Advice · Education

1st things 1st…

A new school term is just starting, with thousands of children picking up a trumpet for the first time this month. The purpose of this article is to look at how we as teachers approach these crucial first few weeks, what our priorities are to ensure sustained enthusiasm and a solid technical and musical grounding… and also any tips and tricks that we have learnt that help to achieve this.

I will start with my tuppence-worth, and then welcome my fellow trumpet teachers to share their thoughts here too. Any top tips that any of you may have will be received with interest and gratitude!

The first priority has to be continuation – no child can get the educational, personal and emotional benefits that we all know learning an instrument can bring, if they are desperate to quit after a handful of lessons. For me, most of the activities are centred on materials and music that is already familiar to the new-starter: very simple (sometimes one-note) arrangements of pop songs, lots of full-on singing and ear activities including improvising with backing tracks from lesson 1. I have found this to be a really brilliant way of building confidence and enthusiasm from the start – there is no such thing as a wrong note after all!

As far as a technical grounding goes, I tend to concentrate on 2 main aspects: Breathing and Tongue Level. I will also do a bit of mouthpiece work and buzzing with them to get them used to the feel of it, without worrying about it sounding rubbish!

The purpose of the controlled breathing is hopefully obvious. I have spoken to a number of teachers who do not start to talk about tongue level until months or sometimes years in. I have found that getting students to think about and sing melodies using aaah, eeeh etc gets most kids comfortably with a workable range of a 5th or an octave within 2-3 weeks. The sooner they can play some ‘proper’ tunes, the better! I cringe when I hear (often very experienced) brass teachers telling their students to ‘blow harder’ or ‘squeeze’ to get up to that 2nd space G.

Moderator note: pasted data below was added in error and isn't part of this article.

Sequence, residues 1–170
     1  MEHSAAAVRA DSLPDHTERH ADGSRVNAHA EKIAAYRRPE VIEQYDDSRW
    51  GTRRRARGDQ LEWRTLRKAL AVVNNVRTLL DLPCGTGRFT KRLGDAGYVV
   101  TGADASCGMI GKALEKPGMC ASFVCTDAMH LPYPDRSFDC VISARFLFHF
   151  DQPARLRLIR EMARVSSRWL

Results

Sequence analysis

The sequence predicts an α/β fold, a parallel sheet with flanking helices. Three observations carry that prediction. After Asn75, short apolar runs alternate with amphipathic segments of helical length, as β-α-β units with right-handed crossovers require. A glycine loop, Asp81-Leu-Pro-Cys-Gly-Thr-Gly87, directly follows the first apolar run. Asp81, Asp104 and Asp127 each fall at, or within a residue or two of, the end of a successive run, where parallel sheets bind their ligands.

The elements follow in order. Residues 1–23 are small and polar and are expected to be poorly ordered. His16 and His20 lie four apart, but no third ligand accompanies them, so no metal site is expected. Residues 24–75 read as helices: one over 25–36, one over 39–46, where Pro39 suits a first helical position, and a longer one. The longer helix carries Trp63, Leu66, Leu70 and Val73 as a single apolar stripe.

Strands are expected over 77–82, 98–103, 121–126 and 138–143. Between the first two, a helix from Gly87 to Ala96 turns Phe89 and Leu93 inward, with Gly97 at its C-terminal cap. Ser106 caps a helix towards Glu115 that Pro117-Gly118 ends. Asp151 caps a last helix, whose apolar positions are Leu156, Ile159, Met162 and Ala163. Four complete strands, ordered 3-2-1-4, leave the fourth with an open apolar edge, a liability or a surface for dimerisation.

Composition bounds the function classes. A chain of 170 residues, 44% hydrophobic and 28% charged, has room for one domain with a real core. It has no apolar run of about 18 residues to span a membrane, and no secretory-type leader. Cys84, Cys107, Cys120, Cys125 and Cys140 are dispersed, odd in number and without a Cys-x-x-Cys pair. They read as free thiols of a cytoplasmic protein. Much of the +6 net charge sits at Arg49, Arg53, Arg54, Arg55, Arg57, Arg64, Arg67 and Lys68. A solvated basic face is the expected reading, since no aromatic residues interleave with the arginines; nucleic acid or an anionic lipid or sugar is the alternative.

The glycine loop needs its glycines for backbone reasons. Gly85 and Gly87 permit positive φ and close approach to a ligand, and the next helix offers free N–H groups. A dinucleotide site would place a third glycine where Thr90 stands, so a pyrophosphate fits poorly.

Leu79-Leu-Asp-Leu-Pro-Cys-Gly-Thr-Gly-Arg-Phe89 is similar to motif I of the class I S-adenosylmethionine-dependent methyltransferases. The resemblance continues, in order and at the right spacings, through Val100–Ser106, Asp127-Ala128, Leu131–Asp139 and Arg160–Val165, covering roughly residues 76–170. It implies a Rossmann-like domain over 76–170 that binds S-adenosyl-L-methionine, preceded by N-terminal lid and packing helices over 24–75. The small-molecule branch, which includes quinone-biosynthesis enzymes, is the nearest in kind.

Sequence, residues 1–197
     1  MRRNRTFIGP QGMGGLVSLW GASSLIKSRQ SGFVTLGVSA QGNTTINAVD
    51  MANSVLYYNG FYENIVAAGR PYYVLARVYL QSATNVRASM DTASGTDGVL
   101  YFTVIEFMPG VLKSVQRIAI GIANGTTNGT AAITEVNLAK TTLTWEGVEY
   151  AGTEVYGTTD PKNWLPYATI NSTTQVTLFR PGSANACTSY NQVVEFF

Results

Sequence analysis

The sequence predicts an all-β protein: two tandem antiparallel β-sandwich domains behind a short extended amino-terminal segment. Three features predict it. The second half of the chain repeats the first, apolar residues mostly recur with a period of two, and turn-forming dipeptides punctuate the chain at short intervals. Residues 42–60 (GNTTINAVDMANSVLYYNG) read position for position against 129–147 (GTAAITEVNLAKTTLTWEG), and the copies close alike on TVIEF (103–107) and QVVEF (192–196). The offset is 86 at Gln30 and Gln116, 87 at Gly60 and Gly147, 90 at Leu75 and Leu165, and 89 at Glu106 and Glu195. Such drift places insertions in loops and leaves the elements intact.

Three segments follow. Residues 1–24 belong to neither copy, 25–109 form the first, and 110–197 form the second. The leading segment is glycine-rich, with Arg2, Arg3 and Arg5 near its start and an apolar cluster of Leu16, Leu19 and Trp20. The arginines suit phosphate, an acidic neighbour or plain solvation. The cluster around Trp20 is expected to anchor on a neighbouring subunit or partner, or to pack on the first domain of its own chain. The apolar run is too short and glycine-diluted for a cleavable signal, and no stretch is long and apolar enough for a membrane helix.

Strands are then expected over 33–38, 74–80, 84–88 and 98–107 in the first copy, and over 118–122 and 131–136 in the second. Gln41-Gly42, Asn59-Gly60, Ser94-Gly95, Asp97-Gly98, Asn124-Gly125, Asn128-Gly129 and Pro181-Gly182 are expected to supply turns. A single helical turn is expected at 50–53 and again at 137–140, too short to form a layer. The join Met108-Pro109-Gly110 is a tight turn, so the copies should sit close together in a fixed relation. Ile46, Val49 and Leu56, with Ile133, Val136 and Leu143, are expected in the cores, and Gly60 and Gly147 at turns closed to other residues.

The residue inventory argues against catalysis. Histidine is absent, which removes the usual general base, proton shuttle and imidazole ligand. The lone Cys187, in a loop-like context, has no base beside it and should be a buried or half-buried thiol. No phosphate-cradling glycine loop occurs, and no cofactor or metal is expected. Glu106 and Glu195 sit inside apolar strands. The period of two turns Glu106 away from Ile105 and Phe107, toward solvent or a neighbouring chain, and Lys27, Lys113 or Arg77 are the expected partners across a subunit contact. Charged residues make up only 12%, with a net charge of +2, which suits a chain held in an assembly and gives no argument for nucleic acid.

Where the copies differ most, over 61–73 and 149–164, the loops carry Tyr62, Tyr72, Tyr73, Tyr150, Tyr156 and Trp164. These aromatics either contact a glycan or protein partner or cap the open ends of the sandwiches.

There are loads of fantastic all-in-one tutor books around. I tend to use mostly my own materials for the first 5 or six weeks until half term, and then ask the parents to get their wallets out for a good book.

I have spoken to a number of colleagues with some great technical tips. One was to ask the student to grip a thin drinks straw (the type that comes with a Capri-Sun) to form nice centred and relaxed embouchure. Then put the mouthpiece over the top of the straw, and then finally remove the straw, leaving the mouthpiece perfectly centred. Repeating this at the start of each practice or lesson gets the student used to exactly where it should go. I used this myself for a while, and it worked very well with most students. However, I found that in these early days, especially if you have an excited younger student, you do not want to be doing anything that tempers and gets in the way of their enthusiasm and love of what they have just started. As with any of these things, it is a balancing act.

What are the priorities for you as you set another student off on their adventure? What are the things that have worked well and perhaps not so well? Have your priorities (or indeed the students) changed over the years? Please do comment here…

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